"You have to remember that you are only testing a 200g sample of soil from tonnes of soil in a hectare." Planting a non-resistant variety, especially if it is tolerant to damage, could lead to an explosion in the population, he warns.
Where PCN is identified, then nematicide use is justified even at very low populations on the grounds of long-term control.
"Below 2-5 eggs/g there will often not be an economic return to nematicide use in that crop. But if the grower is thinking about growing potatoes in that field in the long-term then he should be using a granular nematicide at the first sign of the pest."
Whether Temik (aldicarb), Vydate (oxamyl) or Nemathorin (fosthiazate) is used is less important than the method and time of incorporation, he says.
"They are all effective nematicides, but need to be used as close to planting as possible, as they are not persistent products and do degrade rapidly. The key is to get the incorporation right." (see panel.)
Repeat sampling and testing the year after the potato crop should be used to establish how effective the nematicide and resistant variety combination was at limiting the multiplication of the pest.
When populations reach a level where granular nematicides fail to prevent yield loss Telone (1,3 dichloropropene) fumigation should be considered to reduce the viable egg count. For PCN tolerant varieties that is typically at 50-60 eggs/g, but may be as low as 30 eggs/g for intolerant varieties.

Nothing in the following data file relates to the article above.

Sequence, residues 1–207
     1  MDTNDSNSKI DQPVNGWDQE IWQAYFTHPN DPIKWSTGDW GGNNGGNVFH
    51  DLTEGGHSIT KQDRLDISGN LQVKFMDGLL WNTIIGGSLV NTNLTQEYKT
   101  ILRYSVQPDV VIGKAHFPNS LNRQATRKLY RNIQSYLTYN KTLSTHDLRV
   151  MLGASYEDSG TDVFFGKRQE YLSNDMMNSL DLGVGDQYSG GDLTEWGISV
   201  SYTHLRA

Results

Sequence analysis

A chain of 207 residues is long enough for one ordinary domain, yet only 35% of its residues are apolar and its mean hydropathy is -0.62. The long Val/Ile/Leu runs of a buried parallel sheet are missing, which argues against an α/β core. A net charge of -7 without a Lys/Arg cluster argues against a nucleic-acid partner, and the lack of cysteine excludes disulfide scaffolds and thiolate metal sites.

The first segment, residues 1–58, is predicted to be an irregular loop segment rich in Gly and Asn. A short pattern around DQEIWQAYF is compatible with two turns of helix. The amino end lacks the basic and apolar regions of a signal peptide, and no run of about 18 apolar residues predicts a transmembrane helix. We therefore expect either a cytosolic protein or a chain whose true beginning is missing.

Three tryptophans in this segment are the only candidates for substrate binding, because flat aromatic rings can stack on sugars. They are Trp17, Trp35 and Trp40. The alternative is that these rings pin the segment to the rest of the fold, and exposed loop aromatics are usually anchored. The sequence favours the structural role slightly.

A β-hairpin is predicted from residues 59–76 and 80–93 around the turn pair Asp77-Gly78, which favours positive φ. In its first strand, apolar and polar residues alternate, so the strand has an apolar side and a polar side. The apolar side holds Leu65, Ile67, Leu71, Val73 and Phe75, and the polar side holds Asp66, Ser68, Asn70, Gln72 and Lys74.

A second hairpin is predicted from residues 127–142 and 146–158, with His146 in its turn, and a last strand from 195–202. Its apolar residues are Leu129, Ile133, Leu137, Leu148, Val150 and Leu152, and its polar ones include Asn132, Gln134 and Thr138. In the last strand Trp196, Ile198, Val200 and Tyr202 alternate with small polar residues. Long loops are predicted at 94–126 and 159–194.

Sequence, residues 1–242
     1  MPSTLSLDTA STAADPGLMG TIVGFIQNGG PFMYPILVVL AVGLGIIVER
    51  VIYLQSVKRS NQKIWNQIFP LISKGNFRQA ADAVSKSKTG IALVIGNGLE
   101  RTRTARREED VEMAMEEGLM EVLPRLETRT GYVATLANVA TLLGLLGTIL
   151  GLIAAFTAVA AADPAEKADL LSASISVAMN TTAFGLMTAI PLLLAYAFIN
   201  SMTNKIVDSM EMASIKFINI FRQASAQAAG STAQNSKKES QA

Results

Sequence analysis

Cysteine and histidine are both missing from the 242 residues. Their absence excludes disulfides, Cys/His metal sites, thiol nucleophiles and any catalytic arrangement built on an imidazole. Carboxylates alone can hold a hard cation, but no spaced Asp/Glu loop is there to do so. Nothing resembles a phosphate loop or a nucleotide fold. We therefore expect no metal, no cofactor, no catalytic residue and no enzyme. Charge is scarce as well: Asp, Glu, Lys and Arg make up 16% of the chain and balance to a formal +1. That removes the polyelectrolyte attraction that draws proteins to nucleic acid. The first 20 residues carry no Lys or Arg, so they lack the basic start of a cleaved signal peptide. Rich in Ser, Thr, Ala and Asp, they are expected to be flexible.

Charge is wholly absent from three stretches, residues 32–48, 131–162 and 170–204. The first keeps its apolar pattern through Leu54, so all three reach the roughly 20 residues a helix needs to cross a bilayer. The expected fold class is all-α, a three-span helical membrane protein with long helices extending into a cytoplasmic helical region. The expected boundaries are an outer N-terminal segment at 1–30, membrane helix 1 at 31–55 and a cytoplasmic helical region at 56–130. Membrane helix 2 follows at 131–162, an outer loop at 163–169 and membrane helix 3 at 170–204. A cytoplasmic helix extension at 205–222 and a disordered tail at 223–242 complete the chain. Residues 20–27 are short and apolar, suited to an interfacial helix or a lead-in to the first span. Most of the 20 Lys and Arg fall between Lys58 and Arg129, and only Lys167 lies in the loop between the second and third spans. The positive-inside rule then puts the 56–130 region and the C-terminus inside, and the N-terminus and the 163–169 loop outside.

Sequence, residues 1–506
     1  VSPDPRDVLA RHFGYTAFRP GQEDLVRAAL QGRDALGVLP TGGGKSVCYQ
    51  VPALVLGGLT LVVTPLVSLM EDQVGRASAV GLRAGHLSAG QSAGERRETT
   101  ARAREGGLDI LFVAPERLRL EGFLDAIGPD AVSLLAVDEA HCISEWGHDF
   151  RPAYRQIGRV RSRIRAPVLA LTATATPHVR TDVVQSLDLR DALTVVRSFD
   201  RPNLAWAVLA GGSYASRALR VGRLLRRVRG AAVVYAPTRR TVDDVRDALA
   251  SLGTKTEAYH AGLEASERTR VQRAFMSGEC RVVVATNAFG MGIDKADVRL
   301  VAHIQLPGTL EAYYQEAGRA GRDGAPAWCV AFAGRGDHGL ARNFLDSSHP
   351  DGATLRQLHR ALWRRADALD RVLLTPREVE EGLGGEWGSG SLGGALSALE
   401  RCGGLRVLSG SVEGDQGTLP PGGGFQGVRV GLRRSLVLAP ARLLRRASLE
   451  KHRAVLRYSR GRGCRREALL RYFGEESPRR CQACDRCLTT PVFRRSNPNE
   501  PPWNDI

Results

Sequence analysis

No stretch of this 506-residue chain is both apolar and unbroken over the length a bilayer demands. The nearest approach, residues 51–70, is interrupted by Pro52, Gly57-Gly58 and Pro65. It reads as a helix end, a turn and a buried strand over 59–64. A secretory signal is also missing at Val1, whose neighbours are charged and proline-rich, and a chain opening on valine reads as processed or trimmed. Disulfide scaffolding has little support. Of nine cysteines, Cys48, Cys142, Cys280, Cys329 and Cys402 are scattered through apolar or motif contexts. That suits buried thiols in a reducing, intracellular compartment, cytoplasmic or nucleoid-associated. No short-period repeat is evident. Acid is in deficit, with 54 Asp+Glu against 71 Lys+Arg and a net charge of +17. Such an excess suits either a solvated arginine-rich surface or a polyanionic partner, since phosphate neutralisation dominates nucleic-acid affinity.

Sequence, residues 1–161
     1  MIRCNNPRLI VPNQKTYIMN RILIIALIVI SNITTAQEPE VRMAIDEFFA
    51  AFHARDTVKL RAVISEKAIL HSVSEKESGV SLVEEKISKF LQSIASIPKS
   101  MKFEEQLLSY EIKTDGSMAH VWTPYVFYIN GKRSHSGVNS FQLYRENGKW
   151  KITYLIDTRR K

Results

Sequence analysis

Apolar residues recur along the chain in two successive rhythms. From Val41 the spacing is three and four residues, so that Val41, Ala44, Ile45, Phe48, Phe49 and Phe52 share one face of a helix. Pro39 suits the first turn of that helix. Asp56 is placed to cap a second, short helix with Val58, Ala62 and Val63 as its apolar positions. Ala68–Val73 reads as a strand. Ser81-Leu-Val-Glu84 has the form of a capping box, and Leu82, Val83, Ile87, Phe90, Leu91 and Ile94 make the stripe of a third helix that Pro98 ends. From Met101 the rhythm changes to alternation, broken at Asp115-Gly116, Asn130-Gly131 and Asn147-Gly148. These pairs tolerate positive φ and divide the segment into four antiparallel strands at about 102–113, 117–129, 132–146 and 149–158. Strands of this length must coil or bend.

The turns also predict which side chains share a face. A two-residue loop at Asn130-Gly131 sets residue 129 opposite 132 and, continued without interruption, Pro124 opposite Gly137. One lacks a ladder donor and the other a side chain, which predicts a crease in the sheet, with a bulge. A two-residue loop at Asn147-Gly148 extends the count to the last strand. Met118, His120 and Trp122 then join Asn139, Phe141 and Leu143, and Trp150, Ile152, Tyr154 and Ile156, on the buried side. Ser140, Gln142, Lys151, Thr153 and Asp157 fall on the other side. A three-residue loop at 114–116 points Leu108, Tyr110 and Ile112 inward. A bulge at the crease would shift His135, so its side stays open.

As Telone has to be contractor applied in the autumn sampling should be done in late summer if growers expect egg counts approaching these levels. *
Spot sample immediately after harvest in the field or under the grader to identify PCN at an early stage, says Harper Adams Pat Haydock. But where a known problem exists, leave testing to a year later.
• 484 fields sampled.
• 64% contained PCN.
• Of which:
• 92% contained G pallida.
• 33% contained G rostochiensis.
• 25% contained both species.
Survey carried out by Harper PhD Student Stephen Minnis, sponsored by Dow AgroSciences.
• Most potato fields infested.
• Use resistant varieties AND nematicides.
• More monitoring needed.
• Identify species.
• Nematicides £300-£340/ha.
• Fumigation £570/ha.
Tips for most effective incorporation
The most effective method of mixing nematicide and soil is broadcasting the pesticide and rotovating it in to 15cm (6 in) depth. But if a webbed stone and clod separator is used, such as a Grimme Colt, after rotovation the nematicide tends to be redistributed deeper than required, and will be much less effective, warns Dr Haydock. With such machines nematicide should be applied on the front of the separator, relying on the soil mixing action of the webs to spread the granules through the soil profile. Star-based systems, such as the Pearson Megastar, tend to replace the soil in a similar profile to the original mix, so broadcasting and rotovating in front of these machines is still effective, he says. Whatever combination of equipment is used, it is essential that soil conditions are suitable to produce a fine tilth, otherwise thorough mixing of granules and soil is impossible, he adds.
Resistance or tolerance?
Varieties of potato with partial resistance to PCN reduce the multiplication of the pest on the roots of the plant, while full resistance prevents nematode reproduction completely. Tolerance is simply a measure of the varieties ability to withstand damage from the pest. Hence a tolerant variety may appear the best option in the short-term, producing the highest yield from a field with a low PCN population. But unless the variety is also resistant egg numbers will multiply rapidly forcing longer rotations or expensive control methods to be used in future.